Dendrochronology

Oxford Dendrochronology Laboratory
Dendrochronology is also known as tree-ring dating. It is a scientific method for analysing tree ring patterns to determine the exact date of a tree. By examining the actual patterns of growth, such as the gap between rings, it is also possible to see how the tree has responded to its environment. You can read more about Dendrochronology here.

We worked with Oxford Dendrochronology Laboratory, to undertake a full dendrochronological analysis of the OneOak tree, from cross sections of the tree after it was felled.

Leading dendrochronologist Daniel Miles, of Oxford Dendrochronology Laboratory, collected seven discs from the main tree stem and from one branch immediately after felling.  Our original estimate that the tree was about 160 years old, based on estate records, proved to be very inaccurate.  The lowest disc, taken about 30 cm above ground level, proved that the tree was 30 cm tall in 1790.  The tree probably generated naturally in 1788: making it 222 years old when felled in 2010.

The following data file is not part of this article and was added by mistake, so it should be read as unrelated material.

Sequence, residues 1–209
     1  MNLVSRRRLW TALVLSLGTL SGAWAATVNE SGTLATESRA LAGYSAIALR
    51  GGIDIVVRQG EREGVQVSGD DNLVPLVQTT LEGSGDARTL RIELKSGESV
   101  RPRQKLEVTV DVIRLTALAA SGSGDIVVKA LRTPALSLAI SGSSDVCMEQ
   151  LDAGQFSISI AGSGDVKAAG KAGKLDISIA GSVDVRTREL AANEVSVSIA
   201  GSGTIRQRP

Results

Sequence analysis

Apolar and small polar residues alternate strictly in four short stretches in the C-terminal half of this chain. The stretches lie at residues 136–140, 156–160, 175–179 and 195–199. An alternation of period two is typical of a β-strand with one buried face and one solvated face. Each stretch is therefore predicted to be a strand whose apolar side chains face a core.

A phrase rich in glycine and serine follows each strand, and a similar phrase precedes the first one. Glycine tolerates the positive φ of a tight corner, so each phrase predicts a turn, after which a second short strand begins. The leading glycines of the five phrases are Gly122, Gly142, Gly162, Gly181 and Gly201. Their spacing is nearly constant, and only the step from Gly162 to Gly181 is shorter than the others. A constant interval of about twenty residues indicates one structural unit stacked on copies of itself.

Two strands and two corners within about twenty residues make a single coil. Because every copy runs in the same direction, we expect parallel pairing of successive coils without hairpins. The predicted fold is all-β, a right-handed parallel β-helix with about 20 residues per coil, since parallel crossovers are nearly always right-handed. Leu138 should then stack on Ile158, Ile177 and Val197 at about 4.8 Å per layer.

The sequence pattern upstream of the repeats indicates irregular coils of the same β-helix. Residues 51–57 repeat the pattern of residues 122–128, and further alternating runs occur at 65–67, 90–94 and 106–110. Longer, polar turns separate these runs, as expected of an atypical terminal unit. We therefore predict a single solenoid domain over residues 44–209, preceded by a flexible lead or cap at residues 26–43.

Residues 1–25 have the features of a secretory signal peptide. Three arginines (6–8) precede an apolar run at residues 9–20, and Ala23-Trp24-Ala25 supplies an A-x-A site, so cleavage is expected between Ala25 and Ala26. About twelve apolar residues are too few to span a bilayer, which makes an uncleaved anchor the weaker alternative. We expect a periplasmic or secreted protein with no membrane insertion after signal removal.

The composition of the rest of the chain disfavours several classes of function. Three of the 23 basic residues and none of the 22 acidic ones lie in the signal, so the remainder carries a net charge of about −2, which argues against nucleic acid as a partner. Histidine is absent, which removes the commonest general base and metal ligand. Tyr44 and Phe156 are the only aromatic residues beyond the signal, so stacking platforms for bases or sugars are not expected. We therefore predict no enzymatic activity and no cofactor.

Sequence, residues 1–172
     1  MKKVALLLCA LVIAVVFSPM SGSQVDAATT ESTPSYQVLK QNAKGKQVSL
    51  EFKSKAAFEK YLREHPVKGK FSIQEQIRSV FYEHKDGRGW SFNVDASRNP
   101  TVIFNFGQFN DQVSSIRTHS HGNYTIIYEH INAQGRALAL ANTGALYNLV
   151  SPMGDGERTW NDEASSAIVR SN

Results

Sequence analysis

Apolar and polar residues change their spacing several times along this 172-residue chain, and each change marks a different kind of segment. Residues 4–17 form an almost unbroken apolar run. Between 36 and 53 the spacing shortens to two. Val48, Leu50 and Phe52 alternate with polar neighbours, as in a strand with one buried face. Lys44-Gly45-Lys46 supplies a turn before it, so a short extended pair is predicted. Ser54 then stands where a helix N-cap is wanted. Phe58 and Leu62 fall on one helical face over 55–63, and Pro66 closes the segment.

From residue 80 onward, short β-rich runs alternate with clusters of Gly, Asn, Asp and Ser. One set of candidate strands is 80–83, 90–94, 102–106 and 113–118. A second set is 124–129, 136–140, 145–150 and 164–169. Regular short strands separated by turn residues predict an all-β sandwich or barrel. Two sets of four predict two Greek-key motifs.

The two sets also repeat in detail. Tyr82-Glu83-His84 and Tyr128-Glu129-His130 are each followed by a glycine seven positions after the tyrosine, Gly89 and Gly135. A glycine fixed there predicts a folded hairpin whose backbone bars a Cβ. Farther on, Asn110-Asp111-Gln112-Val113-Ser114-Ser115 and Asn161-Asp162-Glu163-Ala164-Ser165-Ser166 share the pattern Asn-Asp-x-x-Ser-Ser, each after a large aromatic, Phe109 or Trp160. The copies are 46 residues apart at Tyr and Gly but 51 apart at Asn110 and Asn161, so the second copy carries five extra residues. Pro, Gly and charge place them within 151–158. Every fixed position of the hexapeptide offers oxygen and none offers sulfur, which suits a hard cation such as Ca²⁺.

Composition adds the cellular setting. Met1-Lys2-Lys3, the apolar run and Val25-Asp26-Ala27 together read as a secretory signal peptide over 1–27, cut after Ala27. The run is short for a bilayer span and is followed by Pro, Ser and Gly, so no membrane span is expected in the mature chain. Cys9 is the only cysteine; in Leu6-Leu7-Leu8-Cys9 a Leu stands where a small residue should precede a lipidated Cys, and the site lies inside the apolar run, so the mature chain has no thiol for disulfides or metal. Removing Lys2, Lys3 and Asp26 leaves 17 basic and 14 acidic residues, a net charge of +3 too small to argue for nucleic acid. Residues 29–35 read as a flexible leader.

A major branch formed in 1827, at 11 m above ground level, which grew normally for about 20 years until suffering a major trauma causing to cease growing for the next 30 years.  This damage was probably caused by another tree or branch falling against it and injuring the branch.  It is possible that another tree was felled in about 1847 which hit our tree, damaging the branch.  The tree grew about 30 cm in height for the first 39 years of its life, slowing to 26 cm between 39 and 47 years, 23 cm between 47 and 65 years, and finally 10 cm per year between 101 and 222 years.

Investigations are currently underway to link the dendrochronological record with the history of Blenheim Palace and woodland management on the estate.

read more about dendrochronology on the blog

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